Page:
Yorkshire Life Lunch - Black Swan, Oldstead
PUBLISHED: 14:09 24 March 2010 | UPDATED: 16:54 20 February 2013
Guests join us for lunch at an out-of-the-way restaurant that has won a place on the culinary map. Jo Haywood reports
Its safe to say that the Banks family like to keep busy. While Tom and Anne meet, greet, serve and chat, James pulls pints and ensures customers get their favourite tipple and Tommy helps to cook plate after plate of delicious food.
The Black Swan at Oldstead has fast become their home away from home since they saved it from dereliction in 2006, turning it into one of the most talked about restaurants in North Yorkshire along the way.
You wouldnt think theyd have much time to catch their breath, but when theyve got a spare minute they also run the family farm and keep their separate B&B business running.
Its really tough, said Anne. But when you come in here and everyone is happy and enjoying themselves it makes it all worthwhile.
The Black Swan is a highly acclaimed pub and restaurant with rooms set in a stunning rural location near Byland Abbey in the North York Moors National Park.
The original building dates back to the 16th century and has been used in the years since for travellers visiting the nearby white horse at Kilburn, Byland Abbey, Shandy Hall and Ampleforth College.
Toms ancestors have lived in the village for about as long as theres been a pub on the corner, adding some much-needed historical credibility when he and his family took it over. As producers themselves, they instinctively understood how important it is for a village restaurant to champion locally-sourced meat, vegetables and fruit.
Adam Jackson, who heads a team of talented and enthusiastic chefs in the kitchen, couldnt agree more: Its absolutely vital. People are much more aware of what they are eating now. They want to know where it comes from, and they dont want to eat food that has travelled miles and miles to reach their plate.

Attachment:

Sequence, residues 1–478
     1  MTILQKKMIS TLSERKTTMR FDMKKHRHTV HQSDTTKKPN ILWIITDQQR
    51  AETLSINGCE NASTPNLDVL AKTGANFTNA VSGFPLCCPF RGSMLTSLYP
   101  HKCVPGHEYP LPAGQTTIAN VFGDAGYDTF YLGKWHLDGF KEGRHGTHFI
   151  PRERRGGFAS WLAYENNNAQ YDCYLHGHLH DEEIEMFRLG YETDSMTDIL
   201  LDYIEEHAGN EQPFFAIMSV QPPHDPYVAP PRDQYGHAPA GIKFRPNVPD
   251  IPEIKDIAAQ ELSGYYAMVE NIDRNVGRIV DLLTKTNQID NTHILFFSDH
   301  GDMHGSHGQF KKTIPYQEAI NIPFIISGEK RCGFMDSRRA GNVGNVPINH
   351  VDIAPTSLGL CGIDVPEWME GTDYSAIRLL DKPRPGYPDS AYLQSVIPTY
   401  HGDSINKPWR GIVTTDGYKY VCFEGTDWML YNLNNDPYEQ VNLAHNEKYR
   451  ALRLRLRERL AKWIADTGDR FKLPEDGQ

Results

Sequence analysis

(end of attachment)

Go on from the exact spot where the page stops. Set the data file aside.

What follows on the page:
He arrived in Oldstead via the Worsley Arms in Hovingham and the Rose & Crown in Sutton-on-the-Forest two quality kitchens that helped shape this quality chef who is already attracting whispers about Michelin stars.
The Black Swan is one of only three restaurants to be listed as a rising star in The Michelin Great Britain & Ireland 2010 Guide, a category aimed at pinpointing gourmet dining stars of tomorrow.
The famous red guide describes the restaurant as family-run with a smart, first floor dining and a rustic downstairs bar. Highly competent cooking makes use of the finest local produce.
And its not just Michelin that has recognised the quality at The Black Swan. The AA has awarded it two rosettes as well as five yellow stars for its bedroom accommodation, making it the only place in Yorkshire to have both.
Awards, rosettes and stars are great and it goes without saying that I want that first Michelin star, said Adam. But I dont want any of it for its own sake. I want us to push ourselves beyond what we think we can do every day and give each and every customer they very best plate of food we can.
On the day of our lunch, he created an eclectic menu that began with a glass of warm, ruby red beetroot soup with a cloud-like froth of horseradish foam, followed by a delicate salmon and lobster ravioli, a beautifully presented main with pitch perfect beef and a delightful taster plate of apple and rhubarb puds.
We feel very strongly about serving the best food possible in the most comfortable setting, said Anne. We dont want people to come here to worship the food. We want people to come here to have a good time.
Which we did.
The Black Swan at Oldstead, York, YO61 4BJ. 01347 868387.
www.blackswanoldstead.co.uk. The restaurant is open every day for dinner from 6-9pm; for lunch Thursday to Saturday from noon-2pm and on Sunday from noon-2.30pm.
House of Townsend (wine, beer, spirit and cider suppliers).
101 York Street, Hull. 01482 326891.
Beetroot soup with horseradish foam, Wensleydale fritters and parsnip crisps
Salmon and lobster ravioli
Mini fillet of Angus beef with pressed shin, creamed celeriac, cured ham, fondant potatoes, red wine salsify, spinach and leeks
A taste of apple and rhubarb
Chapel Down Vintage Reserve Brut, Kent, England: floral and with a good depth of fruit, this award-winning bubbly is pale lemon yellow with hawthorn, citrus and yeasty flavours and a summery hint of blackcurrant.
Domaine Hubert Lamy St Aubin, La Princee 2006, Burgundy, France: concentrated fruit and a sharp slice of mineral slatiness give this a great balance.
Irvine Estate Merlot 2007, Barossa Valley, Australia: a New World wine with generous helpings of plum and chocolate over ripe raspberry a big hit with our guests.
Pacherene Rive Haute Reserve 2006, south-west France: a surprisingly light, delicate and naturally sweet alternative to a fortified dessert wine.